And, speaking of its name, the base was officially renamed in 1951 after Brigadier General Robert F. Travis, who served valiantly as a general in the United States Army Air Force during World War II (more on General Travis later).

With that in mind, the base serves as a somewhat large dividing point to various locations that border Solano County and Fairfield. However, it also is located only three miles from the city’s center.

How far is to Travis Air Force Base from:

  • Lake Tahoe, CA – 147 miles
  • Los Angeles, CA – 390 miles
  • Napa, CA – 26 miles
  • Reno, NV – 171 miles
  • Sacramento, CA – 41 miles
  • San Francisco, CA – 54 miles
  • San Jose, CA – 85 miles
Airplane at base with rainbow behind it

How Big is Travis Air Force Base?

The base is immensely expansive, covering almost 6,383 acres of land in the Sacramento Valley, east of Fairfield. Additionally, with 1,720 various buildings on base, including residential, aircraft bunkers, command centers, and any other structures such as the PX or Commissary, all those buildings’ total size is approximately 9,668,509 square feet.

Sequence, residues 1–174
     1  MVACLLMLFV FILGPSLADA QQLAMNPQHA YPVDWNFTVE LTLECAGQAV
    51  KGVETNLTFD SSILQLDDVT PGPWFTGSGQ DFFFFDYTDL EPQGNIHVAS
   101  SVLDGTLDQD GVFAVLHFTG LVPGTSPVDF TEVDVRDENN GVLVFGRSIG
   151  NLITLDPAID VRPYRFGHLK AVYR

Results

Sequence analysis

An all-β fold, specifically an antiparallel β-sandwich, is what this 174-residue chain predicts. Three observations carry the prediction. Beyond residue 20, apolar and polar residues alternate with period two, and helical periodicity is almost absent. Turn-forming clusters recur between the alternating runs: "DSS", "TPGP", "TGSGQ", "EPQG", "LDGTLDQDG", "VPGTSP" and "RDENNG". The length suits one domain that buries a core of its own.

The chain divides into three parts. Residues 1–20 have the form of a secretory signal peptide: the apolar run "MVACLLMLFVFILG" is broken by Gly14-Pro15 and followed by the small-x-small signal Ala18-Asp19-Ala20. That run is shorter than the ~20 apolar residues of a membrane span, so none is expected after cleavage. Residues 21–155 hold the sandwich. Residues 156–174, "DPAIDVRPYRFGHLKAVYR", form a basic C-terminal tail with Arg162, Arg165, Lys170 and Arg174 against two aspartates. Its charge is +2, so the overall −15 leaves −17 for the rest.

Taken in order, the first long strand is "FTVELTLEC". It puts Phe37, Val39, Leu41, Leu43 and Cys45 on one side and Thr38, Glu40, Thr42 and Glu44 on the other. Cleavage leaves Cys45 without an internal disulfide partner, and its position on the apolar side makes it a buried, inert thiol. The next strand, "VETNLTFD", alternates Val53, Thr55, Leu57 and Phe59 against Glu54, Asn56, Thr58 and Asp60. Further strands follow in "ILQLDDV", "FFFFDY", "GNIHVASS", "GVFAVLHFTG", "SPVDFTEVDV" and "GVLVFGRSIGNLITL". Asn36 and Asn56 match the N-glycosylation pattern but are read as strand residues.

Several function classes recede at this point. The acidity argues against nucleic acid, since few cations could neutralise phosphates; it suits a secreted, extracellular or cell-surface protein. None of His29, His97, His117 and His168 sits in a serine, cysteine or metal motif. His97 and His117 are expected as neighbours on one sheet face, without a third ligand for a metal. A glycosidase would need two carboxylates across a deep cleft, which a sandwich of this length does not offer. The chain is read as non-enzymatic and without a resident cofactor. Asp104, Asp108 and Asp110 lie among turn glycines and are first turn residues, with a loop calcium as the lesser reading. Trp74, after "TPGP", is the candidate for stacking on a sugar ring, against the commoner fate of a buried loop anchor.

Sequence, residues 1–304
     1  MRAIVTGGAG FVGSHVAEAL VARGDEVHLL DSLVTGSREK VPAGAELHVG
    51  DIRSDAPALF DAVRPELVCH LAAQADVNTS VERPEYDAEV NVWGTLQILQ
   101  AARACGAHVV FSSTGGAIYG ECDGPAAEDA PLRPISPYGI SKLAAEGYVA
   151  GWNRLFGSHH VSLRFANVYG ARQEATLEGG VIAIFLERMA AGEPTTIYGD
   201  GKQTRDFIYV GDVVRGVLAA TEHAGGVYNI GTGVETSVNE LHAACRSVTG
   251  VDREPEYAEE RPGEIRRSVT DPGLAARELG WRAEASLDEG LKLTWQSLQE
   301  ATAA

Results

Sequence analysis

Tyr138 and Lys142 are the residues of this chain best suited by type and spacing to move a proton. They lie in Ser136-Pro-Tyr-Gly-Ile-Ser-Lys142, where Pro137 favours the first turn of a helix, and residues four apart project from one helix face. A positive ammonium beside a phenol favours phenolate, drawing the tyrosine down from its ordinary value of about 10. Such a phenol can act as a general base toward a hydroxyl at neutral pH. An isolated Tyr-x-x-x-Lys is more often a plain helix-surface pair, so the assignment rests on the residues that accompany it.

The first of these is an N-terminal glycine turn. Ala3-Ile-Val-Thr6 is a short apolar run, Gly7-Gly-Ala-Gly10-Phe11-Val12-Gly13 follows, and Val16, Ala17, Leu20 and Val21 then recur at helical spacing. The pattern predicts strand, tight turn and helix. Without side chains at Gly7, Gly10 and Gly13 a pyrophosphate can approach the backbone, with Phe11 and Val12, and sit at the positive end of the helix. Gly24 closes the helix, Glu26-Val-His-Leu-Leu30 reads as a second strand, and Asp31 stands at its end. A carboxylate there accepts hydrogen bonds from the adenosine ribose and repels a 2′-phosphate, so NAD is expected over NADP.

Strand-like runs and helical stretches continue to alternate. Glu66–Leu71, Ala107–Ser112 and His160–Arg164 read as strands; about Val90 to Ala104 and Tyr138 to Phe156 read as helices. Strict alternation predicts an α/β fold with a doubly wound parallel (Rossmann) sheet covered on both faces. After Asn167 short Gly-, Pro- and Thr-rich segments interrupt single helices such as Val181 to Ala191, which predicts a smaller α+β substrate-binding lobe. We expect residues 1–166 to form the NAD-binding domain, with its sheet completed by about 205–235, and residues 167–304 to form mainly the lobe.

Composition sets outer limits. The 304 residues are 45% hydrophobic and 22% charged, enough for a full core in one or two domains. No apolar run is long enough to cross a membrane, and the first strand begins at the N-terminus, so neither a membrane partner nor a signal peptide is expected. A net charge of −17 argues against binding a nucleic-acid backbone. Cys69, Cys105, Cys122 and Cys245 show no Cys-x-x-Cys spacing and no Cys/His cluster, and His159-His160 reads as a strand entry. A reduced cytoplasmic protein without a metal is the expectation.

A Brief History of Travis Air Force Base

As mentioned previously, Travis Air Force Base (then Fairfield-Suisun Army Air Base) first began operations in May 1943, after starting construction in 1942. Initially, it was designed to house medium-attack bombers and more U.S. Navy aircraft but, in October of 1942, Air Transport Command was given authority over the area. With its close vicinity to the Pacific Theater during the war, the base proved essential in transporting troops and supplies toward the frontlines.